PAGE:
The duo playing big minutes will serve to help the Maroons chances, with both running around 150 metres per average per game this year and being solid defensively, but whether it sparks enough of a change is up for debate.
Queensland’s overall preparation was looking far better too, until debutant Reece Walsh went down in the captain’s run on Saturday. It means Valentine Holmes, the NRL’s most error-prone player, will be back at fullback, allowing Ronaldo Mulitalo to debut on the wing.
Holmes being at the back is a major disadvantage for the Maroons, given how often he drops the ball, and the poor level of performance he put in during the opener.
Still, the rest of the spine is more settled. Andrew McCullough is one of the best defensive hookers in the game, and will toughen up the middle third, while club form from both Cameron Munster and Daly Cherry-Evans, as well as what they produced in Origin last year, suggests they are much better than what was served up in Game 1.
Even then, it will matter little what the halves combination dish up if they are being belted for metres, possession and territory, and on the back of a superb outside backs line-up (Brian To’o leads all players for run metres this season), the Blues had no problems doing that in Townsville.
That all being said, it’s clear to see why Fitter’s side go in as favourites, and heavy ones at that.
The only solace for Queensland fans, besides the COVID situation facing the Blues, is their record at Suncorp Stadium. Overall, excellent, but in the last decade, they have dropped just two of 14 games at the venue.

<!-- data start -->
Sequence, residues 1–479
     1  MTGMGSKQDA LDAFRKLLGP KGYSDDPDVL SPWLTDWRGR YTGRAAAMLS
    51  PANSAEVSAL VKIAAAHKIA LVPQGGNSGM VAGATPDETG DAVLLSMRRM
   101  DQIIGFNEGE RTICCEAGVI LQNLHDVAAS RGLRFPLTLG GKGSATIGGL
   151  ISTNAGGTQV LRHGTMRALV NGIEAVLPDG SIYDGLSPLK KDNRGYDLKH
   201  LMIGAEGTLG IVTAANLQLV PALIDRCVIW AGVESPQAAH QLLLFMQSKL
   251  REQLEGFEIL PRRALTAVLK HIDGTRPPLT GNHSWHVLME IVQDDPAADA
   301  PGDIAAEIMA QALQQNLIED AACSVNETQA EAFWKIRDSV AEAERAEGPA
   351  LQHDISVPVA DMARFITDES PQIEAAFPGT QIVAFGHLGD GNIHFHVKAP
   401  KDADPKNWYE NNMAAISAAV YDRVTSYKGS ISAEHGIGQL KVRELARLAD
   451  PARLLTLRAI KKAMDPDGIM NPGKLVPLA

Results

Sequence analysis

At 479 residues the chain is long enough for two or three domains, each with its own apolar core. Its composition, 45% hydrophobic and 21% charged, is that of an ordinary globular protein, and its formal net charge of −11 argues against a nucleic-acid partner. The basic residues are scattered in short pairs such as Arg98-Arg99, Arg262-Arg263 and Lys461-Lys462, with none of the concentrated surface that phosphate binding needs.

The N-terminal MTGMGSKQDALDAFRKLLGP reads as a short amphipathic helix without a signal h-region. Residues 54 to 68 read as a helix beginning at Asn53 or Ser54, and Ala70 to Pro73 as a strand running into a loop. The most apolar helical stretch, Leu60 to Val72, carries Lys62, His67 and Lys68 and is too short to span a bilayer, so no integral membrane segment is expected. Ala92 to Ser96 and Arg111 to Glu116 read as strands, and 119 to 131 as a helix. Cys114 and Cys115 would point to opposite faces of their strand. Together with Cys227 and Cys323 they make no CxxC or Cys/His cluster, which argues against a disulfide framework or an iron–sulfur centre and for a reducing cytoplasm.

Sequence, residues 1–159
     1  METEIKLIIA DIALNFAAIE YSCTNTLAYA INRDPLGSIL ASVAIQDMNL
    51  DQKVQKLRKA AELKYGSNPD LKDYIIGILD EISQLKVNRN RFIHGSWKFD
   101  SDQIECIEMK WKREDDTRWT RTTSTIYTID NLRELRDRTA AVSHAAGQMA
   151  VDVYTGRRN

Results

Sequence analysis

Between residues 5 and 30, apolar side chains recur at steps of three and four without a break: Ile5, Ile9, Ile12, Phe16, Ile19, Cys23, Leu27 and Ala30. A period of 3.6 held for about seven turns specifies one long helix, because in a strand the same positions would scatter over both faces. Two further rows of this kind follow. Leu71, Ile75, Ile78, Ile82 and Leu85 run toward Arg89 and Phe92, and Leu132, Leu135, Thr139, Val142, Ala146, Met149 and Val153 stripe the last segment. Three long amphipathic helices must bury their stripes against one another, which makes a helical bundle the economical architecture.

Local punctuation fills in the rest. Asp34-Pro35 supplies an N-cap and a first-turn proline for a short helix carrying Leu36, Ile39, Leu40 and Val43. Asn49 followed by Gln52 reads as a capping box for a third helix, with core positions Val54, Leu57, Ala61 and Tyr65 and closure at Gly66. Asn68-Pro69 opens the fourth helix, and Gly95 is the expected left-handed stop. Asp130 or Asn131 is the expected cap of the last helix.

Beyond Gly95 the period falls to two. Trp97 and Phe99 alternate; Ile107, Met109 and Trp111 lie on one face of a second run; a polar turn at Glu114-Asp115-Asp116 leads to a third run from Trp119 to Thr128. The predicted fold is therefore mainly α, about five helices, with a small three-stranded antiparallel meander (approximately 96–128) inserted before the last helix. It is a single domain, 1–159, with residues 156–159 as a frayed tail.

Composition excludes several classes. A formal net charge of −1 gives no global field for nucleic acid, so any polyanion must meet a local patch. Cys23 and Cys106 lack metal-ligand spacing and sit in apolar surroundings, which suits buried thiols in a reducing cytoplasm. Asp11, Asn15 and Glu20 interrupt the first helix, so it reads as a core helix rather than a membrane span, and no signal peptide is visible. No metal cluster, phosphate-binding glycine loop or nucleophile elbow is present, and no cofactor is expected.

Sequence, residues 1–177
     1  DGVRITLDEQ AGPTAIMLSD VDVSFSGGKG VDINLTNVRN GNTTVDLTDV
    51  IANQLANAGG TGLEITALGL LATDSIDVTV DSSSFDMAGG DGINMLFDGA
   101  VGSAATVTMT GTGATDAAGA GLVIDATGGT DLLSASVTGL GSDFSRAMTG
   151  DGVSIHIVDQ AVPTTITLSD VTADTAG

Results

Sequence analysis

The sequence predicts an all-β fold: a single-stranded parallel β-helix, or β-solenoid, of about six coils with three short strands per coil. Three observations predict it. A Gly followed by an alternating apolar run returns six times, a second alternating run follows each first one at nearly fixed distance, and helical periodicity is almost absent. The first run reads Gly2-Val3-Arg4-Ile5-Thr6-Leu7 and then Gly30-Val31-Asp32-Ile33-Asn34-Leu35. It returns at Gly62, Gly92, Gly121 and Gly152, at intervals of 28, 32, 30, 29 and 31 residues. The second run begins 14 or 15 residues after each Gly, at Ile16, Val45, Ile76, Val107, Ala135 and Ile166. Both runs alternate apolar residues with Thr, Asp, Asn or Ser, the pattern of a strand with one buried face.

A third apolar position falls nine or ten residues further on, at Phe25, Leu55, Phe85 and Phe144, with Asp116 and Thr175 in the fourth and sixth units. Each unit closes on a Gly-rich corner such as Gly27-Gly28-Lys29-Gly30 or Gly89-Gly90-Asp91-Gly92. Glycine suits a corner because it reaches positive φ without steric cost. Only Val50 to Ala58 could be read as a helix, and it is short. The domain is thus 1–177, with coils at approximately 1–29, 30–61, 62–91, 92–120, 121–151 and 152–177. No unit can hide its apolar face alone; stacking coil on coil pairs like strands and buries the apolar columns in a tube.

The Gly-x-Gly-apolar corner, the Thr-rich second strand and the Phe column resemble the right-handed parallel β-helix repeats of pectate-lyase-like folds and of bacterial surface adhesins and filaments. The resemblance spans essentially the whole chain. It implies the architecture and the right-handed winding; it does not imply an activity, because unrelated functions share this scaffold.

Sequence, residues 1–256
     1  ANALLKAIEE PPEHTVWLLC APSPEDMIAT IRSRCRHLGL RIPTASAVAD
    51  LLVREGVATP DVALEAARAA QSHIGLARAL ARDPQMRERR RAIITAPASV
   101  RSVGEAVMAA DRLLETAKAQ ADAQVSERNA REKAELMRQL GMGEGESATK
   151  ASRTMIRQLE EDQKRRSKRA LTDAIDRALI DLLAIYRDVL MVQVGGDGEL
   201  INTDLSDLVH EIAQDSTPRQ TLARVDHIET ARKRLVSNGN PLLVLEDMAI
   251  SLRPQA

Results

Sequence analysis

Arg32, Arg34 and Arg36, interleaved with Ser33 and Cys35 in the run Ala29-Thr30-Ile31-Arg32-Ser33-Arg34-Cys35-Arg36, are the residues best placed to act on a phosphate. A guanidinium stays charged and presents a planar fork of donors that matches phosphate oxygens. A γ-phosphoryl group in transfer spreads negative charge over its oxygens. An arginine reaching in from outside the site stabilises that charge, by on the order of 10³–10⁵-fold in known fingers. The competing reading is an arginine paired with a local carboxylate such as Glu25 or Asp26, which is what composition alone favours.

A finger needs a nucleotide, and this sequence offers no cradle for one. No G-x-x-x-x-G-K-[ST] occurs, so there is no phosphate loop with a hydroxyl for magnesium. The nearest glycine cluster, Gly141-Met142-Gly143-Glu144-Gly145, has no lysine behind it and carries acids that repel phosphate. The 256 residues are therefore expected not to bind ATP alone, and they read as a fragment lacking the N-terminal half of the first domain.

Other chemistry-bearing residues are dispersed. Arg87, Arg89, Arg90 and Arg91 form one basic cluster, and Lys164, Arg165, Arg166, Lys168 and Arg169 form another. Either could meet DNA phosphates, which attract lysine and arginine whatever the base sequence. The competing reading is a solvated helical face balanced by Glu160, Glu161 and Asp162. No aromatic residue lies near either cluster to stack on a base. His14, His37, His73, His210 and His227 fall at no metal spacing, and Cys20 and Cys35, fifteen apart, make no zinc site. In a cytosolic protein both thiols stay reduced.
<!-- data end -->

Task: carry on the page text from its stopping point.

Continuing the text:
That is enough to send a shiver down the spine of any New South Wales fan, despite the gap between the two sides just a few weeks ago.
The Blues had it all their own way in Game 1, and while it’s difficult to see them doing that again, they certainly have the stronger of the two sides by a significant distance.
While their attack gets all the wraps, defensively, they are outstanding as well. Queensland will no doubt make improvements, and the return of Papalii will help things along, but they don’t have it in them to turn around a 44-point deficit and save the series, even with this one being at their happy hunting ground of Lang Park.
Blues by 10.
Kick-off: 7:50pm (AEST)
Venue: Suncorp Stadium, Brisbane
TV: Live, Channel 9
Online: Live, 9Now
Betting odds: Blues $1.21, Maroons $4.60 (odds correct at 6pm Saturday via PlayUp)
Overall record: Played 121, Maroons 64, Blues 55, drawn 2
Origin record at Suncorp Stadium Played 55, Maroons 35, Blues 19, drawn 1
Queensland Maroons (likely)
2. Valentine Holmes, 5. Kyle Feldt, 3. Kurt Capewell, 4. Dane Gagai, 19. Ronaldo Mulitalo, 6. Cameron Munster, 7. Daly Cherry-Evans, 8. Christian Welch, 9. Andrew McCullough, 10. Josh Papalii, 11. Jai Arrow, 12. Felise Kaufusi, 13. Tino Fa’asuamaleaui
Interchange: 14. Ben Hunt, 15. Moeaki Fotuaika, 16. David Fifita, 17. Francis Molo, 18. Coen Hess
New South Wales Blues
1. James Tedesco, 2. Brian To’o, 3. Latrell Mitchell, 4. Tom Trbojevic, 5. Josh Addo-Carr, 6. Jarome Luai, 7. Nathan Cleary, 8. Daniel Saifiti, 9. Damien Cook, 10. Junior Paulo, 11. Cameron Murray, 12. Tariq Sims, 13. Isaah Yeo
Interchange: 14. Jack Wighton, 15. Angus Crichton, 16. Payne Haas, 17. Liam Martin, 18. Apisai Koroisau, 19. Campbell Graham